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New insights into Q-fly male climate stress resistance

Congratulations to Dr Ángel-David Popa-Báez and his coauthors for recently publishing the following paper in BMC Genetics!

Read the publication.

"Climate stress resistance in male Queensland fruit fly varies among populations of diverse geographic origins and changes during domestication"

Ángel-David Popa-Báez, Siu Fai Lee, Heng Lin Yeap, Shirleen S. Prasad, Michele Schiffer, Roslyn G. Mourant, Cynthia Castro-Vargas, Owain R. Edwards, Phillip W. Taylor & John G. Oakeshott



The highly polyphagous Queensland fruit fly (Bactrocera tryoni Froggatt) expanded its range substantially during the twentieth century and is now the most economically important insect pest of Australian horticulture, prompting intensive efforts to develop a Sterile Insect Technique (SIT) control program. Using a “common garden” approach, we have screened for natural genetic variation in key environmental fitness traits among populations from across the geographic range of this species and monitored changes in those traits induced during domestication.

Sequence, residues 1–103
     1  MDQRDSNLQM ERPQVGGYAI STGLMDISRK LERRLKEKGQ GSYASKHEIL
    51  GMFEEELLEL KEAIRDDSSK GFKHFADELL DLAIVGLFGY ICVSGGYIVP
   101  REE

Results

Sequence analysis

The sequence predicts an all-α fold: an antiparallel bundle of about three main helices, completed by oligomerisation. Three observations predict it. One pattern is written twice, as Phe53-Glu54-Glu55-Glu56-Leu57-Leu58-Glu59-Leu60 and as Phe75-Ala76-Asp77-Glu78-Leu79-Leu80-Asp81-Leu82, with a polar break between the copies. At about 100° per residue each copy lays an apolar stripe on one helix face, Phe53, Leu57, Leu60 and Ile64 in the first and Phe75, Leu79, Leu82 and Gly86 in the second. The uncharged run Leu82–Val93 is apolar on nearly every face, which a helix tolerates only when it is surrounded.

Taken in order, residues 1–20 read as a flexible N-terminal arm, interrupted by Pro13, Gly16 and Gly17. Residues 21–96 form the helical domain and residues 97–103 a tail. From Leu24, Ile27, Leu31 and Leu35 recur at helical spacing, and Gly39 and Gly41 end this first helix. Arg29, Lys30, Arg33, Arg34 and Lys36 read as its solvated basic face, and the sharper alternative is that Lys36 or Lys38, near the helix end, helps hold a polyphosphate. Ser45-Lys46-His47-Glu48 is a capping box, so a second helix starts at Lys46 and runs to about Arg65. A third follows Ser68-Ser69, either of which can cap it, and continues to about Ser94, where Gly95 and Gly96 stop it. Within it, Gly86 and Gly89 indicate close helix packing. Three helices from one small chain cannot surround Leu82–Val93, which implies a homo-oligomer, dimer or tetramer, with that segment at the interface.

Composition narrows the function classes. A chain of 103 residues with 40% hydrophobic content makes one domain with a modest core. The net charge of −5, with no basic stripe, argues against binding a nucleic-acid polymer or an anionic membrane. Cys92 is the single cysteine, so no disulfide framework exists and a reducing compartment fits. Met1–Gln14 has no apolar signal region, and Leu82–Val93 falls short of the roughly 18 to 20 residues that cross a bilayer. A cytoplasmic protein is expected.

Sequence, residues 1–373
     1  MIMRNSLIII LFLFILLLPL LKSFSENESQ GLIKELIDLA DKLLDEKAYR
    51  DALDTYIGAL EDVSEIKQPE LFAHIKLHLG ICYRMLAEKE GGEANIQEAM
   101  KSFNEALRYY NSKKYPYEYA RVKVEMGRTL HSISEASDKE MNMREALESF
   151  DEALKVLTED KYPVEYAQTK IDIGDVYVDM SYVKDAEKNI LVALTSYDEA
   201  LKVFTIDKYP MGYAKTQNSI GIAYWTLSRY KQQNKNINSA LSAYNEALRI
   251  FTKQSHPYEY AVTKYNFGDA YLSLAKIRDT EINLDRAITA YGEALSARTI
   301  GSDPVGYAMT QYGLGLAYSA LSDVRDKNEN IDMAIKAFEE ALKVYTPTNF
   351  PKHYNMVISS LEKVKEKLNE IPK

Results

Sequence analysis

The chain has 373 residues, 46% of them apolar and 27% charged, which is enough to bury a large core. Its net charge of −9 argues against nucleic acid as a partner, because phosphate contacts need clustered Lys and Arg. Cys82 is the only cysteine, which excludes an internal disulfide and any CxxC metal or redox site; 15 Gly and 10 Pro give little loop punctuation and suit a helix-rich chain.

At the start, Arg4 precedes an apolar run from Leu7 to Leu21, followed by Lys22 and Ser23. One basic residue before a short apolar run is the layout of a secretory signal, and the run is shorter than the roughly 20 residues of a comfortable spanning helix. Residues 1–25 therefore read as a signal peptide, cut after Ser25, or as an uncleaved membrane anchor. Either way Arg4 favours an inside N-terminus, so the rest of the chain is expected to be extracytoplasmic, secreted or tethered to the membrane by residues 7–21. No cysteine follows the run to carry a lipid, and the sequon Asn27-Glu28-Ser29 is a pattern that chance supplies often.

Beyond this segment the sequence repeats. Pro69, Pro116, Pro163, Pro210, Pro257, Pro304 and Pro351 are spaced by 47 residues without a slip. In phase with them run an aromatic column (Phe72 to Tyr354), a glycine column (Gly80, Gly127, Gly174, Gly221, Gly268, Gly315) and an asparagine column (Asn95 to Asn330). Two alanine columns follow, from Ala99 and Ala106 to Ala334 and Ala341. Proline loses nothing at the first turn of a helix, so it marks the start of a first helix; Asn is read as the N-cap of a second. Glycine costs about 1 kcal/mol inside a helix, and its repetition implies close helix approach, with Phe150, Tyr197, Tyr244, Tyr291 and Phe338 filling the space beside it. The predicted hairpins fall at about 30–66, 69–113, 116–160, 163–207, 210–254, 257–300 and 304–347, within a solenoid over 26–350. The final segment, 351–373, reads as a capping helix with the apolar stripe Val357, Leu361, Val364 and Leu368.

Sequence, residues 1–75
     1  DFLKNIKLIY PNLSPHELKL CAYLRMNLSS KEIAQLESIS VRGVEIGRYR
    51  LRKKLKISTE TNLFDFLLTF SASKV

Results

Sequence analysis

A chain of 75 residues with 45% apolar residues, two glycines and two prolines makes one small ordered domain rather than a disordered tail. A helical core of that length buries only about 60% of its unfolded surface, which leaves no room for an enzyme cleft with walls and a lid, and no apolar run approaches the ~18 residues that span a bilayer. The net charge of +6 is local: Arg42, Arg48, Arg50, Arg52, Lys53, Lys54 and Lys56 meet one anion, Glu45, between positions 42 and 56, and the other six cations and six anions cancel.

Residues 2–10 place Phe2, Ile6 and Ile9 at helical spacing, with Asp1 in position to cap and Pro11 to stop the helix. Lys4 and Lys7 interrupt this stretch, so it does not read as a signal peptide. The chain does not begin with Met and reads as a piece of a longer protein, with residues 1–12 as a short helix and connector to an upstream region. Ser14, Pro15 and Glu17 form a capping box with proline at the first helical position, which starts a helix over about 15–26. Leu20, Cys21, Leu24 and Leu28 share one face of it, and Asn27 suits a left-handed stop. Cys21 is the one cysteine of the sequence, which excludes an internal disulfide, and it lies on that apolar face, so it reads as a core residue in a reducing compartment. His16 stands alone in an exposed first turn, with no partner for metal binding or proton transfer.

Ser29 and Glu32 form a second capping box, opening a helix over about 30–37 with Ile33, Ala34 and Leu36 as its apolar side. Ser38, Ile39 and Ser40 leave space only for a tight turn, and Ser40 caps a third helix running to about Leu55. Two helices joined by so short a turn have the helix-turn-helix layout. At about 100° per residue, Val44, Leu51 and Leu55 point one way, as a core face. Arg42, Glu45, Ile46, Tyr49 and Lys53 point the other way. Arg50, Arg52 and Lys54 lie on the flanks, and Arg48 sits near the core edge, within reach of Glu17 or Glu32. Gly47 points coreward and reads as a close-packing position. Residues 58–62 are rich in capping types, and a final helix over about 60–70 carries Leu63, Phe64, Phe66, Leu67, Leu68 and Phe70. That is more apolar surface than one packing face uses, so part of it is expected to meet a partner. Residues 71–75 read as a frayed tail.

Significant variation was detected between the populations for heat, desiccation and starvation resistance and wing length (as a measure of body size). Desiccation resistance was correlated with both starvation resistance and wing length. Bioassay data for three resampled populations indicate that much of the variation in desiccation resistance reflects persistent, inherited differences among the populations. No latitudinal cline was detected for any of the traits and only weak correlations were found with climatic variables for heat resistance and wing length. All three stress resistance phenotypes and wing length changed significantly in certain populations with ongoing domestication but there was also a strong population by domestication interaction effect for each trait.


Ecotypic variation in heat, starvation and desiccation resistance was detected in Australian Qfly populations, and these stress resistances diminished rapidly during domestication. Our results indicate a need to select source populations for SIT strains which have relatively high climatic stress resistance and to minimise loss of that resistance during domestication.

Picture: Q-fly, from thewest.com.au.